Skip to main content

LATEST UPDATES: Election 2020: Live Results | Tracking COVID-19 | Racial Justice

San Diego County Reports Second-Lowest COVID-19 Numbers In Past Month With 187 Cases

A woman walks by a COVID-19 response sign at the Scripps Institution of Ocean...

Photo by Alexander Nguyen

Above: A woman walks by a COVID-19 response sign at the Scripps Institution of Oceanography in La Jolla on Aug. 22, 2020.

Even as the COVID-19 numbers continue to improve in San Diego County, local officials say the state has not yet provided guidance regarding a framework toward reopening the county — leaving many people in limbo.

"We still have not yet received clarity," said County Supervisor Greg Cox. "We do not yet know when we will get these guidelines."

Supervisor Nathan Fletcher said the county was hoping to hear from the state this week.

County health officials reported 187 new infections and no deaths Monday.

The new cases raised the region's cumulative total caseload to 36,727. The number of deaths remains unchanged at 660. The 187 positive cases is the fewest reported in the county since Aug. 10, and the second fewest in the past month.

Of the 7,351 tests reported Monday, 3% returned positive, lowering the 14-day rolling average of positive tests to 3.5%, well below the state's 8% guideline. The seven-day average number of tests performed in the county is 7,394.

Reported by Tarryn Mento

Of the total positive cases in the county, 2,989 — or 8.1% — have required hospitalization since the pandemic began, and 733 — or 2% — were admitted to an intensive care unit. Currently, 275 people are in regional hospitals with COVID-19, 103 of whom are in intensive care.

County health officials reported five new community outbreaks on Monday, bringing the number of outbreaks in the past week to 20, tied to 73 cases. Two outbreaks were at businesses, one was at a restaurant/bar, one in a grocery store and one in a hotel/resort/spa setting.

The number of community outbreaks remains well above the county's goal of fewer than seven in a seven-day span. A community setting outbreak is defined as three or more COVID-19 cases in a setting and in people of different households in the past 14 days.

The county reported a case rate of 80.3 positive COVID-19 tests per 100,000 people Monday, below the state's 100 per 100,000 guideline.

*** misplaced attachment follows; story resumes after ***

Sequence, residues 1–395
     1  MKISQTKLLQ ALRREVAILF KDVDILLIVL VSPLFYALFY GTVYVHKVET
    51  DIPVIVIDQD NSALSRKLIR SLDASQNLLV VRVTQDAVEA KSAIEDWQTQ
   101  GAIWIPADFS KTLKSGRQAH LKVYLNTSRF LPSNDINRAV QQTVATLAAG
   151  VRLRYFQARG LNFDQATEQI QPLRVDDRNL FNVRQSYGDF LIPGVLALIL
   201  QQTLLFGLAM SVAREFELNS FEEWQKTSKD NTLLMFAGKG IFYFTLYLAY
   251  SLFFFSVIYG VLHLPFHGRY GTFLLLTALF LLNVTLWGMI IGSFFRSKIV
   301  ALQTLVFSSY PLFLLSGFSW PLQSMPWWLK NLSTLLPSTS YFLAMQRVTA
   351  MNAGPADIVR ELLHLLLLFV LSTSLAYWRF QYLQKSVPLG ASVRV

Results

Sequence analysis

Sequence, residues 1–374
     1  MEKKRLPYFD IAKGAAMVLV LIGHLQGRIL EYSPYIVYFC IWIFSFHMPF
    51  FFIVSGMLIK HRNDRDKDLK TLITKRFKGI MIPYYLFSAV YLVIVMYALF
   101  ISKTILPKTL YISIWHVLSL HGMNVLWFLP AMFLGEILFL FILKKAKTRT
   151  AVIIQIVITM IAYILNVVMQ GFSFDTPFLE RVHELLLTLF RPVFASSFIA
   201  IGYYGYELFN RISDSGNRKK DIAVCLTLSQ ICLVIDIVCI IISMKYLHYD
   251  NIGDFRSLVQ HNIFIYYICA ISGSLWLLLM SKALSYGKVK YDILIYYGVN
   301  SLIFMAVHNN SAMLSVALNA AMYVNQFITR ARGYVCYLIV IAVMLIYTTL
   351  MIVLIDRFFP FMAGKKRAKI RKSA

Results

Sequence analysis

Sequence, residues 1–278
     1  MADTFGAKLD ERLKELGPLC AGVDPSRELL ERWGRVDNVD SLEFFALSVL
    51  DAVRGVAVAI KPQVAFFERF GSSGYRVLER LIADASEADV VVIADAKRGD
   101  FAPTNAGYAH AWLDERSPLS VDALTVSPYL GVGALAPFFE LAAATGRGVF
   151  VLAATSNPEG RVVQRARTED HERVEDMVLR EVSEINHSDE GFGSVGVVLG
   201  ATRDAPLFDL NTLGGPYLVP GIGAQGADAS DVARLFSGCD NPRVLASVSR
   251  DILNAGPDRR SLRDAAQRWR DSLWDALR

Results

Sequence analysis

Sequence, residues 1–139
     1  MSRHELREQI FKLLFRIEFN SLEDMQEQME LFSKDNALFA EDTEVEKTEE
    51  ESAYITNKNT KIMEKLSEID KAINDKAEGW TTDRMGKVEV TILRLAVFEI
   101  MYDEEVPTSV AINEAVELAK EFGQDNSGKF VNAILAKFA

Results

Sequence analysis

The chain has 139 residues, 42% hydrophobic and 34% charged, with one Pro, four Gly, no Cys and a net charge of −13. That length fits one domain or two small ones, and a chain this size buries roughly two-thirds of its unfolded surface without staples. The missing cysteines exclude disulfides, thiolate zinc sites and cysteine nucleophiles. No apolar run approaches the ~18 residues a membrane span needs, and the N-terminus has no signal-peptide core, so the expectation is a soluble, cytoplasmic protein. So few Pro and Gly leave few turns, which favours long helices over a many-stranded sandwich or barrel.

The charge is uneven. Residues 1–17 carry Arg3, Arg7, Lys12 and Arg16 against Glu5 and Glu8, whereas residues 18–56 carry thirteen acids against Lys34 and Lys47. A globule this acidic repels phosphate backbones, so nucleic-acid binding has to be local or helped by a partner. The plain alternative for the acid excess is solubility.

The county will be placed back on the state's monitoring list should it be flagged for exceeding any one of six different metrics for three consecutive days. Those metrics are the case rate, the percentage of positive tests, the average number of tests a county is able to perform daily, changes in the number of hospitalized patients and the percentage of ventilators and intensive care beds available.

On Monday, gyms, fitness businesses and places of worship were officially allowed to begin operating in San Diego city parks.

San Diego Mayor Kevin Faulconer announced the executive order last Tuesday. City Councilman Chris Cate proposed the idea in mid-July, and the San Diego County Board of Supervisors approved a similar ordinance for county parks on Aug. 5.

The directive defers park permit fees for 60 days. Faulconer will bring an ordinance to the council once it is back in session in September that would make the waiving of fees permanent.

The county was officially removed from the state's monitoring list last Tuesday, setting in motion a 14-day countdown that could see K-12 students back in the classroom as soon as Sept. 1, depending on the decisions of individual school districts.

Currently, 27 schools — mostly private religious schools — have been approved for in-person learning by the county.

The schools include Calvary Christian Academy, Francis Parker School, Chabad Hebrew Academy, San Diego French American School, La Jolla Country Day School and others. They were among nearly 50 schools that applied for a waiver to the county's public health guideline regarding in-person teaching.

FEATURED PODCAST

San Diego News Matters podcast branding

KPBS' daily news podcast covering local politics, education, health, environment, the border and more. New episodes are ready weekday mornings so you can listen on your morning commute.

  • Need help keeping up with the news that matters most? Get the day's top news — ranging from local to international — straight to your inbox each weekday morning.

This site is protected by reCAPTCHA and the Google Privacy Policy and Terms of Service apply.

Want more KPBS news?
Find us on Twitter and Facebook, or sign up for our newsletters.

To view PDF documents, Download Acrobat Reader.